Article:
Part a Major Trends in Technology and Information Systems

ROI Analysis 1

ROI Analysis of Software Process Improvement, Online Education, and Telecommuting
David F. Rico


Return on investment or ROI is a widely used approach to measure the economic value of an investment or portfolio of investments, capital improvements, and even organization change. ROI is increasingly used to measure the economic value of software process improvement or SPI, online education or asynchronous learning networks, and telecommuting or teleworking. However, the ROI of software process improvement, online education, and telecommuting is not well known, along with appropriate ways of estimating the economic value of these paradigms. Software process improvement, online education, and telecommuting are major trends, which affect the economy, industry, and society as a whole, signifying the end of the industrial age. Therefore, this paper examines the ROI of software process improvement, online education, and telecommuting, and the hard economic evidence behind these major transformational trends. Additionally, this paper briefly explains return on investment, and provides an in-depth analysis of the management challenges and solutions for the ROI of software process improvement.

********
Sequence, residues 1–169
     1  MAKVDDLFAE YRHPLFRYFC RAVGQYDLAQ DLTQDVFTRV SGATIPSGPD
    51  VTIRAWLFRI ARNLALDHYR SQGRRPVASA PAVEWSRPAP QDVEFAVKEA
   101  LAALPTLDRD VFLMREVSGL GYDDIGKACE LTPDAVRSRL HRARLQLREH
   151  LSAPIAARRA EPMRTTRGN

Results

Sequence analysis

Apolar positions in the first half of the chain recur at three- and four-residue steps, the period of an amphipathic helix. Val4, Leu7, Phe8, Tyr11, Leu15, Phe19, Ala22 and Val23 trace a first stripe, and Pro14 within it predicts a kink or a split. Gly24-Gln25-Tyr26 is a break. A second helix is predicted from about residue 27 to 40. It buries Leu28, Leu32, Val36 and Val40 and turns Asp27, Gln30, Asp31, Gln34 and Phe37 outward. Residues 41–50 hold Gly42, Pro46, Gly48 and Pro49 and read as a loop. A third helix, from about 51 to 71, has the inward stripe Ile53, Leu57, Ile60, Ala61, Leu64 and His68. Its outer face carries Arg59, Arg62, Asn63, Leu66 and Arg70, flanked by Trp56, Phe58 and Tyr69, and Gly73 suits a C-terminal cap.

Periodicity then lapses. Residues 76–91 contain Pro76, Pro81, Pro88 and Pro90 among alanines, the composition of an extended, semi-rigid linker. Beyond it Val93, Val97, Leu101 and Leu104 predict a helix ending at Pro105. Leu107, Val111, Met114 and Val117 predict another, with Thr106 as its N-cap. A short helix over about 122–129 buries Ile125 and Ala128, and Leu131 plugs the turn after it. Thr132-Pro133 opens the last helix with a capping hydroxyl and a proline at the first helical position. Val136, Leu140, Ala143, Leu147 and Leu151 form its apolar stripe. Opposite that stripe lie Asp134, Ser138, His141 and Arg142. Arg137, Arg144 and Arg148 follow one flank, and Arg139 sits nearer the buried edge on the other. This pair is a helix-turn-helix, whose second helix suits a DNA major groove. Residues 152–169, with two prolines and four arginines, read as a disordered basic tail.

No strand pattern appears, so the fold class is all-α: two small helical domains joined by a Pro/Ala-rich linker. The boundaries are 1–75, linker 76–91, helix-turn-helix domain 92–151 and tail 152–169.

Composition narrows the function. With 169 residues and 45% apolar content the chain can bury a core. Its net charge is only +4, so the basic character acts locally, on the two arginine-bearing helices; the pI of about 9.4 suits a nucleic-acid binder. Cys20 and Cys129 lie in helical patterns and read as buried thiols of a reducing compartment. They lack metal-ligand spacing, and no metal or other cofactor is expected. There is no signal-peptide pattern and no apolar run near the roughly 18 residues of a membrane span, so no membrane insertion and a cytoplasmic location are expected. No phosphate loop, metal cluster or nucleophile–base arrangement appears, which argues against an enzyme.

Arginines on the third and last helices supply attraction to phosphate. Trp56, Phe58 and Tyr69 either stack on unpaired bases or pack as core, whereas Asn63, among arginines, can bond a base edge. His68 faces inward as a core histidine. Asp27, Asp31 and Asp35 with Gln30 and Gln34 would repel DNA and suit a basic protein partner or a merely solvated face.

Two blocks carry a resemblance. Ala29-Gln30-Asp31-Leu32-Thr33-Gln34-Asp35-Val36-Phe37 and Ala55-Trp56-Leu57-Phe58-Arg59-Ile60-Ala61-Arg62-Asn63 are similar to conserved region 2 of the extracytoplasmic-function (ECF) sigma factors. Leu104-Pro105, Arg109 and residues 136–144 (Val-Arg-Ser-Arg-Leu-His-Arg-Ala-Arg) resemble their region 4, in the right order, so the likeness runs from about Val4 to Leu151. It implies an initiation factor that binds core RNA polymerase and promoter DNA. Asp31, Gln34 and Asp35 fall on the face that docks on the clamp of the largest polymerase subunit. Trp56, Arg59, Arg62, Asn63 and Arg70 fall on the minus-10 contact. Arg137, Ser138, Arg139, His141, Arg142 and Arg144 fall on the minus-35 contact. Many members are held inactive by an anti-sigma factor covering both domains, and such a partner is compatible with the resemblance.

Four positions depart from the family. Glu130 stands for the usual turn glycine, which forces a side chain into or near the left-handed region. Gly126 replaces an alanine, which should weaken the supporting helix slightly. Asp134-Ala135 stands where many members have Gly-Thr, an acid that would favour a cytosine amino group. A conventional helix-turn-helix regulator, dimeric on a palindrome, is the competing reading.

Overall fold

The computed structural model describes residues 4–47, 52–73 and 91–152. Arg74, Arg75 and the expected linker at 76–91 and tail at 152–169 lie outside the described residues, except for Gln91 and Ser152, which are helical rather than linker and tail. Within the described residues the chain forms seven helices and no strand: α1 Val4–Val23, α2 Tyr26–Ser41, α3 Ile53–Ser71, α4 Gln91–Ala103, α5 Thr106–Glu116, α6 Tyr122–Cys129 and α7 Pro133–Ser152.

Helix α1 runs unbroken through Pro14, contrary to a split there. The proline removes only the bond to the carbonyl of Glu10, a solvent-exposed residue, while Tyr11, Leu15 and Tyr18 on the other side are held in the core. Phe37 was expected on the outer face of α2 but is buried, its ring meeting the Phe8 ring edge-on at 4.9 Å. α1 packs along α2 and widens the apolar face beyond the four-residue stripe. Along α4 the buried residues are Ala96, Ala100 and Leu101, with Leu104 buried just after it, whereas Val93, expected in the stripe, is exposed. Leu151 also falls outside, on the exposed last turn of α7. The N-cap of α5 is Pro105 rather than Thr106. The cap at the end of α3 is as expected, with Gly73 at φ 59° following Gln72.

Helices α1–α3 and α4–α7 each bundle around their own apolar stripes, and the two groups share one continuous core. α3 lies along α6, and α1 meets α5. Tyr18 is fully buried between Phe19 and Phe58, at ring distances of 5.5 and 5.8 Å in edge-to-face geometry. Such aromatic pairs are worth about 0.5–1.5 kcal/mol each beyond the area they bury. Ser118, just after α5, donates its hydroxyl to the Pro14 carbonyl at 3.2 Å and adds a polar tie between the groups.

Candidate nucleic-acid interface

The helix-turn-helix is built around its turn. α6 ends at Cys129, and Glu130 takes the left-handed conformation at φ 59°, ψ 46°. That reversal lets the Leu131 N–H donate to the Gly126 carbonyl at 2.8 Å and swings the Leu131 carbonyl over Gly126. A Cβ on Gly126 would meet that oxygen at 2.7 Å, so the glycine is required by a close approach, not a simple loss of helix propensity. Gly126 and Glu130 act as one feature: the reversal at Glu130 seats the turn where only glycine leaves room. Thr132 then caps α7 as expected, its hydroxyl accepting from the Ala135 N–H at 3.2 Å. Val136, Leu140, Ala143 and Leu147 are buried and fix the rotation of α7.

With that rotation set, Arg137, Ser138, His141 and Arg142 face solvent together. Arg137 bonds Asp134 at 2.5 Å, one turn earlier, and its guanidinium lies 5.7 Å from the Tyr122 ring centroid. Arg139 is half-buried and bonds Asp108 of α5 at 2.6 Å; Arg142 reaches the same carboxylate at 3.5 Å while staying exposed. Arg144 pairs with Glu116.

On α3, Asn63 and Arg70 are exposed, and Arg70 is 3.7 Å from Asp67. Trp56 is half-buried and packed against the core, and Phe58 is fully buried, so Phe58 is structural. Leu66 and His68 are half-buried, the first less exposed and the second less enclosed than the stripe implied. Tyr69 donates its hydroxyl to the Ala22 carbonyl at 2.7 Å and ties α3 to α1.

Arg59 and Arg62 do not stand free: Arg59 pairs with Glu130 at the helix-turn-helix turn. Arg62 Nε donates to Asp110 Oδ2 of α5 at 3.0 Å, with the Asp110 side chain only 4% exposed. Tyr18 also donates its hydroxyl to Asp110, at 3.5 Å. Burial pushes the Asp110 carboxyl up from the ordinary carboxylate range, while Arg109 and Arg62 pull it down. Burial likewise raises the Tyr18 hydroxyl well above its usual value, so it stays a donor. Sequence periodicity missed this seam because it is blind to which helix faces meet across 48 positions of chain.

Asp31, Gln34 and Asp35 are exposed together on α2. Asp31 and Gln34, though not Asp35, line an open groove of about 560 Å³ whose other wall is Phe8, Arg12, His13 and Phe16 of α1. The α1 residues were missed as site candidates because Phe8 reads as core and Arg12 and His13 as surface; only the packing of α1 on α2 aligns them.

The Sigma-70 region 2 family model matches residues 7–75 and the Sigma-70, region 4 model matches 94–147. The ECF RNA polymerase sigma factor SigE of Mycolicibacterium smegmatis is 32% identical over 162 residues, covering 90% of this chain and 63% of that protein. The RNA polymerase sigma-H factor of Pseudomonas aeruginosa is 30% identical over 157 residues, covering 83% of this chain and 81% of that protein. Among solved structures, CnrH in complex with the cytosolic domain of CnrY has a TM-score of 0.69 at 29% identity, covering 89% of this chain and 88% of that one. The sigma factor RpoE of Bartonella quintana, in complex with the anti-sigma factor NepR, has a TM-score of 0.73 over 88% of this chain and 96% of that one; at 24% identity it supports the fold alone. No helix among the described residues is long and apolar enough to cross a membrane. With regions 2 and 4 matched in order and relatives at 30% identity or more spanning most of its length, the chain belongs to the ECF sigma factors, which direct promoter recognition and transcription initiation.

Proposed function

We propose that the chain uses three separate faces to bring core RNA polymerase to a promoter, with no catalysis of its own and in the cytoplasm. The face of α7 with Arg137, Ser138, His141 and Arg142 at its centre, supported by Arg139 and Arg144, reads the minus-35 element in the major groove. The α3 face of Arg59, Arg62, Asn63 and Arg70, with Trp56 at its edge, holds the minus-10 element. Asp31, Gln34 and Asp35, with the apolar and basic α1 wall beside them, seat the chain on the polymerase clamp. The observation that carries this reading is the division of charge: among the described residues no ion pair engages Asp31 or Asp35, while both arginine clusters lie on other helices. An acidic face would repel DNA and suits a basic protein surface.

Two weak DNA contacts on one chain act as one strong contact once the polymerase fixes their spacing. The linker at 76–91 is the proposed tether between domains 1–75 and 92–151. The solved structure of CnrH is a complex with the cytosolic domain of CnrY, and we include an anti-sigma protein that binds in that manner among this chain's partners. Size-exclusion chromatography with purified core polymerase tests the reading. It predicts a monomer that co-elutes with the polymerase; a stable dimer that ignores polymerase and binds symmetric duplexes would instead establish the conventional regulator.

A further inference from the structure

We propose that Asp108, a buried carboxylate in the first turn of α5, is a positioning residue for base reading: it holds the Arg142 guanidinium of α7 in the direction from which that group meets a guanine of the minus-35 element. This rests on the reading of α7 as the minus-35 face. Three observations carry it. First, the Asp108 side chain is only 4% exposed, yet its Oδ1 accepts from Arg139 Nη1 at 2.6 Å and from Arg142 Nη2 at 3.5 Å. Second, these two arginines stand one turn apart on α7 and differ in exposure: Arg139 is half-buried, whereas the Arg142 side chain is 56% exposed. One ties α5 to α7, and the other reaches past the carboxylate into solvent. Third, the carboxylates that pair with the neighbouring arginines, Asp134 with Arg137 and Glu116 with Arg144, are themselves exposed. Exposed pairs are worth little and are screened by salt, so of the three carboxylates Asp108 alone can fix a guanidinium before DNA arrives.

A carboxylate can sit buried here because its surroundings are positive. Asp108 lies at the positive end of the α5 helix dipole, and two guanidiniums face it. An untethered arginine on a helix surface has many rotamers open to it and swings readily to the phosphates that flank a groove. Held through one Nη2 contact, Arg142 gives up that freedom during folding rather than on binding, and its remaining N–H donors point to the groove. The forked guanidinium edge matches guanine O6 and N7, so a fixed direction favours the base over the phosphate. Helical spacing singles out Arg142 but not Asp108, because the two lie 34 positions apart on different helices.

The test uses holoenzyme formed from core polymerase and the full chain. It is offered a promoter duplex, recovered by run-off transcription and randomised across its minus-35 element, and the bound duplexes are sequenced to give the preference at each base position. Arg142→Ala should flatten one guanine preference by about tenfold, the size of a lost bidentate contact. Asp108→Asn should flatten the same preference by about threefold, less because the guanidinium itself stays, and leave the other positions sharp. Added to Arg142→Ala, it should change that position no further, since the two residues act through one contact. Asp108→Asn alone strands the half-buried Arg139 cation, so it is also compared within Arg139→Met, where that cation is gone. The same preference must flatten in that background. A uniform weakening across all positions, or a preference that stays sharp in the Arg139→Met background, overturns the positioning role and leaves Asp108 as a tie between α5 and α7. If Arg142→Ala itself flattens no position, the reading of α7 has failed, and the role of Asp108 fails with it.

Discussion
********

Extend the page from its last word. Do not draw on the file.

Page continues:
ROI is the ratio of adjusted economic benefits to costs, expressed as a percentage. That is, the economic benefits, less the costs, are divided by the costs, and multiplied by 100 percent. ROI is a measure of the magnitude of economic benefits to costs, economic benefits returned above costs, profits returned above expenses, or simply, the value of one or more investments. ROI is a standard tool for analyzing the costs and benefits of a portfolio of capital improvements. Costs, benefits, and ROI are usually monetized, and expressed in economic and monetary units. In other words, ROI is a measure of economic value, which is expressed in a relevant currency. Benefits, which are often based on esoteric statistical models, must be identified and monetized. Costs must be accumulated in painstaking detail to provide the most accurate economic picture. ROI is calculated by dividing the benefits less costs by the costs, and multiplying by 100 percent.